pentameter


From The Collaborative International Dictionary of English v.0.48:

Pentameter \Pen*tam"e*ter\, n. [L., fr. Gr. ?; ? (see Penta-)
   + ? measure.] (Gr. & L.Pros.)
   A verse of five feet.
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   Note: The dactylic pentameter consists of two parts separated
         by a di[ae]resis. Each part consists of two dactyls and
         a long syllable. The spondee may take the place of the
         dactyl in the first part, but not in the second. The
         elegiac distich consists of the hexameter followed by
         the pentameter. --Harkness.
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.

From The Collaborative International Dictionary of English v.0.48:

Pentameter \Pen*tam"e*ter\, a.
   Having five metrical feet.
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.

From The Collaborative International Dictionary of English v.0.48:

Verse \Verse\ (v[~e]rs), n. [OE. vers, AS. fers, L. versus a
   line in writing, and, in poetry, a verse, from vertere,
   versum, to turn, to turn round; akin to E. worth to become:
   cf. F. vers. See Worth to become, and cf. Advertise,
   Averse, Controversy, Convert, Divers, Invert,
   Obverse, Prose, Suzerain, Vortex.]
   1. A line consisting of a certain number of metrical feet
      (see Foot, n., 9) disposed according to metrical rules.
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   Note: Verses are of various kinds, as hexameter,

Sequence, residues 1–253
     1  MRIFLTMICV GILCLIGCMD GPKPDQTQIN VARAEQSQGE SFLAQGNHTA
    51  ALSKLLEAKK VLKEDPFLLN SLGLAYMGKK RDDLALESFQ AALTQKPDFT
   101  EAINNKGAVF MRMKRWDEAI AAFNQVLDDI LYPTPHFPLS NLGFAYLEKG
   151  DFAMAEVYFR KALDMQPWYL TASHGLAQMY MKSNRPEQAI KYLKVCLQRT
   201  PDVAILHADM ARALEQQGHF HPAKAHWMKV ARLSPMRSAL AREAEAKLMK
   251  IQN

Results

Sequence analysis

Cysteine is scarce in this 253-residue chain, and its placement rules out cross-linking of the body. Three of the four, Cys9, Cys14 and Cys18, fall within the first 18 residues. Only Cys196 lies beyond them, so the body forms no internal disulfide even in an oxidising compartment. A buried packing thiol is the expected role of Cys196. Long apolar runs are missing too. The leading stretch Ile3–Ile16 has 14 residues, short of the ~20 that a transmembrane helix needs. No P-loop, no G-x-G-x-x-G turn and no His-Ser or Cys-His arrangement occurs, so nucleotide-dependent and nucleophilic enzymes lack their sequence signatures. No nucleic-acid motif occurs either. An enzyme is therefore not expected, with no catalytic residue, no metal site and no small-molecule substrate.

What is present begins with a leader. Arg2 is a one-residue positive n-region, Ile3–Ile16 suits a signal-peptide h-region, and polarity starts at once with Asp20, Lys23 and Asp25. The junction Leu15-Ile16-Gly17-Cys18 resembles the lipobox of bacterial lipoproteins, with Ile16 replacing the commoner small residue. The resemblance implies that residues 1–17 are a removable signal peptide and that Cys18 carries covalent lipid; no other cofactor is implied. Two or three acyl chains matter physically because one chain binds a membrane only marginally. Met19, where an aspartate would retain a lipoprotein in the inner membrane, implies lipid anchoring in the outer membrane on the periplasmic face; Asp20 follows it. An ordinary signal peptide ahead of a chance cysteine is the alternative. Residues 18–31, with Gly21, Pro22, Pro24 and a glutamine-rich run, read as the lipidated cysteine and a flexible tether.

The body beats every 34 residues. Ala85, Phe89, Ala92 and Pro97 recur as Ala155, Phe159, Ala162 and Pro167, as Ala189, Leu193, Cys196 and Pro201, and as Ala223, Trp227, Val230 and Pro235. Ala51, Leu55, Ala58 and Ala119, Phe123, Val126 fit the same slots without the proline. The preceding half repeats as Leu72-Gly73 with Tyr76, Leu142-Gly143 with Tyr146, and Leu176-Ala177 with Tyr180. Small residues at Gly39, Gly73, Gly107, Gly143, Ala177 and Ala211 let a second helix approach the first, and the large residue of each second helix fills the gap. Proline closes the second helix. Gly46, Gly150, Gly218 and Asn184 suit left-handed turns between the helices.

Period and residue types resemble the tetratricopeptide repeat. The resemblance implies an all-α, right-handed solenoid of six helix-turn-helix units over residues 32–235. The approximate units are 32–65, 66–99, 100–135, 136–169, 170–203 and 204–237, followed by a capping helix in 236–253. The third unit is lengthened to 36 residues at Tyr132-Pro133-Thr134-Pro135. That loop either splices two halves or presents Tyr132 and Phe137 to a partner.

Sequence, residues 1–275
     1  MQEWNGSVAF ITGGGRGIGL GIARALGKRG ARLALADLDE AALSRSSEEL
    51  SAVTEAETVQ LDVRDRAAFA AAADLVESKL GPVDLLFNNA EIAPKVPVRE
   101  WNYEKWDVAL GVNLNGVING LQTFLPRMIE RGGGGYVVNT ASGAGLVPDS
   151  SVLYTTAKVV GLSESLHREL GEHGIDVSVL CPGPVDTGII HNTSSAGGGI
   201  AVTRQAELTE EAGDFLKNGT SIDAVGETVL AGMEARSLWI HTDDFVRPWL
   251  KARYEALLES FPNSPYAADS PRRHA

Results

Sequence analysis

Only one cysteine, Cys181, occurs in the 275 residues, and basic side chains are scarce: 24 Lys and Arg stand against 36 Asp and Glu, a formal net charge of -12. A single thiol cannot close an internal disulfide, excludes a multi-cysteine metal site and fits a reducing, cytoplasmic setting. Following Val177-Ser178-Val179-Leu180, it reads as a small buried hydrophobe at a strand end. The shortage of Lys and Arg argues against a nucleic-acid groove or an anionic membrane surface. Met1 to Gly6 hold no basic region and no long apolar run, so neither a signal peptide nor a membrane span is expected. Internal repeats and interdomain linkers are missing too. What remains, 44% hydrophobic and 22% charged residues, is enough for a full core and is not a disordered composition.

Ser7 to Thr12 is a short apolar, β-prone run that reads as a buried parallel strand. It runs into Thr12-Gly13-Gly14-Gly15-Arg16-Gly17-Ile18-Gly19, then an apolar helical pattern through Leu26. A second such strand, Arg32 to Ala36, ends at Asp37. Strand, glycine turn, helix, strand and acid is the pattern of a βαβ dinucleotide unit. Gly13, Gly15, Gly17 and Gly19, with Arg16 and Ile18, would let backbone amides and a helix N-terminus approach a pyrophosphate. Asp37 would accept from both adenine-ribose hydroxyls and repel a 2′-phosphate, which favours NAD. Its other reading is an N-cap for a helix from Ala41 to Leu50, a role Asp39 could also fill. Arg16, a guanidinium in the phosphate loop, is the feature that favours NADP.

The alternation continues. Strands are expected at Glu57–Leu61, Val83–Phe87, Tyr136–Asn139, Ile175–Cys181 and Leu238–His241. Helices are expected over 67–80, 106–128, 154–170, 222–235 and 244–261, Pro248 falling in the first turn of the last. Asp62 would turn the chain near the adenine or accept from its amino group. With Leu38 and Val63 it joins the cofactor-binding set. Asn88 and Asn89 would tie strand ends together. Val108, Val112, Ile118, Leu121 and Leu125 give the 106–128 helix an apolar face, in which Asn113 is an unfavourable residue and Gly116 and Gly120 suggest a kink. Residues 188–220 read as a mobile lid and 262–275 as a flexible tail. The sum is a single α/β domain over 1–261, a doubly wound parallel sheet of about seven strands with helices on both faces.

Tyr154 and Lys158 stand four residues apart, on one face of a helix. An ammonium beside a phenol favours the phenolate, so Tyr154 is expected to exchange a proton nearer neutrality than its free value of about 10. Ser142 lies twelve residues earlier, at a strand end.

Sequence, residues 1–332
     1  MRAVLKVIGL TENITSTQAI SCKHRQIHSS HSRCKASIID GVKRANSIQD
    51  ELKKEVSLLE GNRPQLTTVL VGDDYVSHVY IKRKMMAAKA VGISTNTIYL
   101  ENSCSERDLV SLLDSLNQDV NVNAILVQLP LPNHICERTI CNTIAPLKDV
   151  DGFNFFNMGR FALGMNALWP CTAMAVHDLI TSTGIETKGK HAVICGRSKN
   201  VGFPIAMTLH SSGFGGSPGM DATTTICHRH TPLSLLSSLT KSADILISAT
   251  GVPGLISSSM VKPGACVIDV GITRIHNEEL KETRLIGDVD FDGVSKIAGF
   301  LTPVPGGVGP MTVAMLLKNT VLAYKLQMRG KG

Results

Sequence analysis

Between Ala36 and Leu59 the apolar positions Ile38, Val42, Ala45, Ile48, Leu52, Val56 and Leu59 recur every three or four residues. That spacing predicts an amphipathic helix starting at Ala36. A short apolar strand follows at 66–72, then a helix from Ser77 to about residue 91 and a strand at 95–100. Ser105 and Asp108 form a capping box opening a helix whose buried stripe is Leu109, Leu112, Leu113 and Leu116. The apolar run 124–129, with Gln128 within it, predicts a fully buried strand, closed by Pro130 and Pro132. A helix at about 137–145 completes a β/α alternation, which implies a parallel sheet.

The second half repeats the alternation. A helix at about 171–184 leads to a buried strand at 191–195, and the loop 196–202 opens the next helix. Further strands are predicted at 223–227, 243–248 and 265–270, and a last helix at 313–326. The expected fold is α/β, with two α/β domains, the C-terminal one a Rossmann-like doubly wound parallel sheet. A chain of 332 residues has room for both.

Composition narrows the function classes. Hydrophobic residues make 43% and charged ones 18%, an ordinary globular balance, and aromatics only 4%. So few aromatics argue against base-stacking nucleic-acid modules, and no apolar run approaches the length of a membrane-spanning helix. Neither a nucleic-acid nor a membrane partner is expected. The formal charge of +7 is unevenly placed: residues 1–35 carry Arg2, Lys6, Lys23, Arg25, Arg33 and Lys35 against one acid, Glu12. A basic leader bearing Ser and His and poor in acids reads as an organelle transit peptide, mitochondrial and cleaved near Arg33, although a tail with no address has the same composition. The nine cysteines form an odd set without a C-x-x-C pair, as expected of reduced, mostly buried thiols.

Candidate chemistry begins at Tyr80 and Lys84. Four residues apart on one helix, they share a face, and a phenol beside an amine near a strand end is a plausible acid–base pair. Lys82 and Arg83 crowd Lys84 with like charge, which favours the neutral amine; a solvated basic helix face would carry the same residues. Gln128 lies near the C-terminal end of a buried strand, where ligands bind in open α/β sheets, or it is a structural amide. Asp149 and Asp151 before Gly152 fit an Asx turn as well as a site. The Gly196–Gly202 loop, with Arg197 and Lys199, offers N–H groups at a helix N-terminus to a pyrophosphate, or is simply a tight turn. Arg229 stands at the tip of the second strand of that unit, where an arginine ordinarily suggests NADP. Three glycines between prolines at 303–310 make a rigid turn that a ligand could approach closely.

pentameter, tetrameter, etc., according to the
         number of feet in each. A verse of twelve syllables is
         called an Alexandrine. Two or more verses form a
         stanza or strophe.
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   2. Metrical arrangement and language; that which is composed
      in metrical form; versification; poetry.
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            Such prompt eloquence
            Flowed from their lips in prose or numerous verse.
                                                  --Milton.
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            Virtue was taught in verse.           --Prior.
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            Verse embalms virtue.                 --Donne.
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   3. A short division of any composition. Specifically: 
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      (a) A stanza; a stave; as, a hymn of four verses.
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   Note: Although this use of verse is common, it is
         objectionable, because not always distinguishable from
         the stricter use in the sense of a line.
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      (b) (Script.) One of the short divisions of the chapters
          in the Old and New Testaments.
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   Note: The author of the division of the Old Testament into
         verses is not ascertained. The New Testament was
         divided into verses by Robert Stephens [or Estienne], a
         French printer. This arrangement appeared for the first
         time in an edition printed at Geneva, in 1551.
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      (c) (Mus.) A portion of an anthem to be performed by a
          single voice to each part.
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   4. A piece of poetry. "This verse be thine." --Pope.
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   Blank verse, poetry in which the lines do not end in
      rhymes.

   Heroic verse. See under Heroic.
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